reDiscover Freddie Jackson’s ‘Rock Me Tonight’

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Freddie Jackson Rock Me Tonight Album Cover With Capitol 75 Logo

The mid-80s witnessed the rise of slick, machine-tooled smooth soul, and one of the genre’s key male practitioners – alongside the likes of Luther Vandross and Alexander O’Neal – was Harlem-born crooner Freddie Jackson. Born in 1956 to a mother who was a singer (she went into labour with him while giving a concert at her local church), young Freddie was reared on a strict diet of gospel music, and sang his first solo, at age 13, as a choir member of Harlem’s renowned White Rock Baptist Church. Just 16 years later he would have his first No.1 R&B album with his debut LP, Rock Me Tonight.

After leaving school, Jackson worked in a bank for a while but continued to harbour aspirations of being a professional singer. In 1982, he joined the funk-soul band Mystic Merlin (he appeared on their third and final Capitol LP, Full Moon). When they went belly-up, in 1983, Jackson got a full-time job as an office worker doing word processing, but in his spare time he sang background vocals for noted R&B singer Melba Moore, who was signed to Capitol Records via Hush Productions.

Hush’s staff producer and songwriter, Paul Laurence, took Jackson under his wing and got the singer a deal with Capitol, helming his debut single, ‘Rock Me Tonight (For Old Time’s Sake)’. A sensuous slow jam highlighting Jackson’s soulful pipes, it rocketed to No.1 in the US R&B charts (it was also a Top 20 hit in the UK) and spent six weeks there in the late spring of 1985.

Freddie Jackson - Rock Me Tonight

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Jackson’s debut album, also titled Rock Me Tonight, appeared shortly afterwards and soon found itself at the top of the US R&B albums chart, where it stayed for 14 weeks. While the title track demonstrated Jackson’s prowess as a silky-throated balladeer, there were a clutch of uptempo songs – such as the effervescent ‘He’ll Never Love You (Like I Do)’ (which was a Top 10 US R&B smash in early ’86) and the chugging ‘I Wanna Say I Love You’ – that showed that Jackson could also cut the mustard as a master of get-on-down dancefloor grooves.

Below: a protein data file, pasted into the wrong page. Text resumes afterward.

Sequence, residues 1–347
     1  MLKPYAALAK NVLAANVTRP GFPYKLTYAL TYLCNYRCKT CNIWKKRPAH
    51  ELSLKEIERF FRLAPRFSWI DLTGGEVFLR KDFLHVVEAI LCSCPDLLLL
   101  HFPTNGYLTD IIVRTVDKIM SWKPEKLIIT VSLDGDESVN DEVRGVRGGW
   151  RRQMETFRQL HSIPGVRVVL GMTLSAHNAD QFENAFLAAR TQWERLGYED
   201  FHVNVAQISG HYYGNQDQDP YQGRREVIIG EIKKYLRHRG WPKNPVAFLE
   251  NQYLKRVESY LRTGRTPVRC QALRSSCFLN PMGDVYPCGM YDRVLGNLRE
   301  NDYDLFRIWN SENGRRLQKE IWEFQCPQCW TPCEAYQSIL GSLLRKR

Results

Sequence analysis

Freddie Jackson You Are My Lady Rock Me TonightEven so, it was on ballads where Jackson could really show his vocal range and expressivity. The album’s second single, ‘You Are My Lady’, written and produced by Barry Eastman, who helmed the majority of Rock Me Tonight, is a masterclass in 80s soul balladry, with Jackson’s impassioned lead counterpointed by alluring female background vocals in a gospel-influenced call-and-response. It was Jackson’s second R&B chart-topper.

Elsewhere, Showing that he could write as well as sing was the impressive midtempo cut ‘Love Is Just A Touch Away’, which was co-authored by Jackson with producer Eastmond. Its sleek, mesmeric groove, jazz-inflected chords, chunky synth bassline and sweetly sensual vocals epitomised the aesthetics of mid-80s R&B with its reliance on cutting-edge music technology. Rock Me Tonight’s final track presented Jackson’s take on ‘Good Morning Heartache’, a jazz standard co-written by the immortal Billie Holiday. Featuring a solo from veteran tenor saxophonist Stanley Turrentine, it offers listeners a glimpse of Jackson’s versatility and finds him stretching out vocally with some virtuosic passages of extended melisma.

Musically, Rock Me Tonight was an impressive and varied debut, and its commercial success – it spent 63 weeks in the US R&B charts and penetrated that country’s pop Top 10 – conferred instant star status on the previously unknown Freddie Jackson. It also gained him two Grammy nominations, while his penchant for romantic balladry also accrued legions of enthusiastic female fans who regarded the moustachioed, well-groomed Jackson as a heartthrob figure.

More No.1 singles and albums followed in the ensuing years for Jackson, who continued to rack up hits and chart entries in the States, the last one as recently as 2010. Now 60, Freddie Jackson is still in demand as a performer, but while he has 12 studio albums to his name, the one that people remember most is Rock Me Tonight. Though it is defined by mid-80s production values, it’s an album that has aged well, largely because of the quality of its material and Freddie Jackson’s sterling vocal performances. It remains a compelling touchstone of 80s R&B.

Rock Me Tonight is one of 75 classic albums picked to celebrate the milestone that is Capitol Records’ 75th birthday, and can be purchased here.

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